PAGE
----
Birmingham City analysis: Transfer shortcomings in a stodgy market2
August 4, 2016 by Shane Ireland
By Shane Ireland
This article originally appeared on The News Hub
Ah, the transfer window.
Usually a flurry of excitement, upheaval and new faces. The creation and curation of a new squad for the new season. Those hectic weeks of preparation for the big kick-off, used to bed in the recruits and sharpen the signings. The buzz, the discussion, the predictions.
It’s all very thrilling.
Except, that hasn’t exactly been the case at Birmingham City. Blues’ transfer business so far this summer has been less thrill, more nil.
Only two players have been signed to bolster the first-team ranks and both of those – Ryan Shotton and Robert Tesche – are former loanees.
Although Blues have been linked with a number of players, the lack of substance over speculation has fans concerned. The fact that the season gets underway in only a few days has only served to intensify those worries.
The emphasis has been on signing a striker to add to a goal-shy side, but a move is yet to materialise.
Supporters want to know the answer to why, after a summer of chasing targets, have Blues secured only two signings with the first Championship fixture quickly approaching?
The rhetoric from the manager Gary Rowett hasn’t altered a great deal over pre-season, with the boss remaining optimistic but cautious on the transfer front throughout. Although, the narrative has become more cautious over the course of the summer. Initially, the boss set out revealing that he wanted “three or four quality players” to improve the side. Remember that? Assuming Shotton and Tesche are two of those – that quest is only half complete and we’re in the final week of preparation.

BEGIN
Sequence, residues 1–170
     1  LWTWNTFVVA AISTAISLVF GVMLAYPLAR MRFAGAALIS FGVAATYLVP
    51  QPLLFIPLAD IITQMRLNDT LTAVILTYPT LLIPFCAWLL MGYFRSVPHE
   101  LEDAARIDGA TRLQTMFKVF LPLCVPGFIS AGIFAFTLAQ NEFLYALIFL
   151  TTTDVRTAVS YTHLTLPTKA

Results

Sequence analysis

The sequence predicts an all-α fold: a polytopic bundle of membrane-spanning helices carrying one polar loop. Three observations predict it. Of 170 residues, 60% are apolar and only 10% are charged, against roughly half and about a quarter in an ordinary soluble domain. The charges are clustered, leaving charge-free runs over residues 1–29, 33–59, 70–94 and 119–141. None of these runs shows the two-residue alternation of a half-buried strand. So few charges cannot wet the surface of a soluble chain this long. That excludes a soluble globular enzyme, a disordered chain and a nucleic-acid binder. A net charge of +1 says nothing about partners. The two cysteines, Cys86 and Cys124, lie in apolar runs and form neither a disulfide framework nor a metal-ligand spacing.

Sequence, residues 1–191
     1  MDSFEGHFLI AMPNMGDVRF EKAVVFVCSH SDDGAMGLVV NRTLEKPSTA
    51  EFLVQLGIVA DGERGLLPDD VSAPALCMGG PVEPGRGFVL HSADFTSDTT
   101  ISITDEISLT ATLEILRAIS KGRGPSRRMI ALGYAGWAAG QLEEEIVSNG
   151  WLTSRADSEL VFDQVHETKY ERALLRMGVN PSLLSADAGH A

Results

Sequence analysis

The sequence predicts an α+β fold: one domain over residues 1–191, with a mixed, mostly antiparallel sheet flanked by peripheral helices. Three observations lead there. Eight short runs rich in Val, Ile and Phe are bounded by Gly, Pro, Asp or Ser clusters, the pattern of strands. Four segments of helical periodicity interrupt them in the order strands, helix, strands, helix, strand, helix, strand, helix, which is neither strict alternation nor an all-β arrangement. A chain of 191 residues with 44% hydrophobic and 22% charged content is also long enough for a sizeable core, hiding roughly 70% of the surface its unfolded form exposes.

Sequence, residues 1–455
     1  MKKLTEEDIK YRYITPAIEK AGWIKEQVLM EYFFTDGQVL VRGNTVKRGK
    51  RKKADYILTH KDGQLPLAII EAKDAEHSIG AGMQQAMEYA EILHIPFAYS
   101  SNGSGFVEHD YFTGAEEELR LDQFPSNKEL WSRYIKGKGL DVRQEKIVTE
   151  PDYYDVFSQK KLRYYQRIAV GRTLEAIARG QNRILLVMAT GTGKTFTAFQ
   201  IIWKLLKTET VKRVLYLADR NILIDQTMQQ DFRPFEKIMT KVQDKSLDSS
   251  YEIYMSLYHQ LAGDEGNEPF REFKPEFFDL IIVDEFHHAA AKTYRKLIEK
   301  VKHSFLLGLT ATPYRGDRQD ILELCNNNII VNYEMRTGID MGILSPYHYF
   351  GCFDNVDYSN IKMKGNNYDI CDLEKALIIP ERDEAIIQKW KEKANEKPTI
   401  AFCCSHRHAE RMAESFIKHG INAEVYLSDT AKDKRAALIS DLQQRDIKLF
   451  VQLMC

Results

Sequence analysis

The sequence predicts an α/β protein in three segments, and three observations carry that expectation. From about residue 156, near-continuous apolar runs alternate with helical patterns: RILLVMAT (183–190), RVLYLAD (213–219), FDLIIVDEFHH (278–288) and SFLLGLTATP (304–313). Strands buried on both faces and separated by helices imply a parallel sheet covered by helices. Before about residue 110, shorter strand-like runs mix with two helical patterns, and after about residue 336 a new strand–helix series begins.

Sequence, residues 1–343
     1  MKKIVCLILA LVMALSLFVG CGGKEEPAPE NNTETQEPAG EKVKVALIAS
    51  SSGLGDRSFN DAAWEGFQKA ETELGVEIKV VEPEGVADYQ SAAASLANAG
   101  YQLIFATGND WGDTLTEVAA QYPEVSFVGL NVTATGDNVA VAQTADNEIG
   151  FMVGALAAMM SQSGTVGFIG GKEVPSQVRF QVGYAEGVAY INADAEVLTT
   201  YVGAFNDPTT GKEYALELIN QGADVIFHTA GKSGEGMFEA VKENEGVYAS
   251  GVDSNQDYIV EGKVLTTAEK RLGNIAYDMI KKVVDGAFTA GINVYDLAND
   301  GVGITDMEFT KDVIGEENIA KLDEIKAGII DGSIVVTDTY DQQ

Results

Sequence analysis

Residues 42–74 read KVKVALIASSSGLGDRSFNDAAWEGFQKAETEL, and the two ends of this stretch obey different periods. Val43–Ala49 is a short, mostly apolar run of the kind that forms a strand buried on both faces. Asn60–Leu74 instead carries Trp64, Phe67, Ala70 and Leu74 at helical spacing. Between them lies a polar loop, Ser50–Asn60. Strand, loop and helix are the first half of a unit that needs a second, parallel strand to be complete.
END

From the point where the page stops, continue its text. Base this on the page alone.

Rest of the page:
As speculation mounted and bids were formally lodged and acknowledged, Rowett told us before the friendly against Hibs that “It’s not a case of not being able to do the deals,” indicating that although there had been problems with the prospective transfers, Blues were in a position to pull them off.
But as the saga to unearth a new forward pulled on and on, frustration showed and Rowett and the powers that be at Blues were the subject of criticism from fans desperate for a signing.
In response the manager told of his own frustration at the situation, and insisted that the club were working hard every minute to secure targets. He even added that Blues had made 200 enquiries for players.
But, still, we sit here without a new forward and without a new winger. And the season opener against Cardiff is less than 72 hours away. Blues fans are a patient bunch – we’re only just coming to the end of the Carson Yeung rigmarole which has been a number of years in the making – but in some quarters, patience with the club’s transfer policy is wearing thin.
Of course, that transfer policy is by no means dictated by Rowett alone. He is aided in that department by club director Panos Pavlakis and Ewan Chester, who joined as football consultant in June. Chester was recruited specifically to help identify targets and has a wealth of experience – so where are the results?
Football is a strange industry. The process of scouring leagues and matches up and down the country for the faint hope of finding one player who has something special is almost a bizarre practice, such are the variables in each situation. Just because a player looks a decent fit on the face of it, doesn’t mean he is in reality. However difficult it may be, Blues brought Chester into the set up for that very reason and, therefore, must have a shortlist of realistic targets from which to build on.
For the remaining man in that transfer trio, however, the story is a little different. Prior to being thrust into the limelight at St Andrew’s, Pavlakis had precisely zero experience of decision-making inside football clubs – and concerning transfers, that is beginning to show. He is not a yes-man within a wider set of personnel remember, he is calling the shots at a second-tier side, and all as part of his first experience in football. That can’t be easy, and is part of the reason why the club looked to Chester for help. While Panos’ inexperience must be taken into account, it does not dampen the frustration towards Blues’ transfer policy which this summer has failed.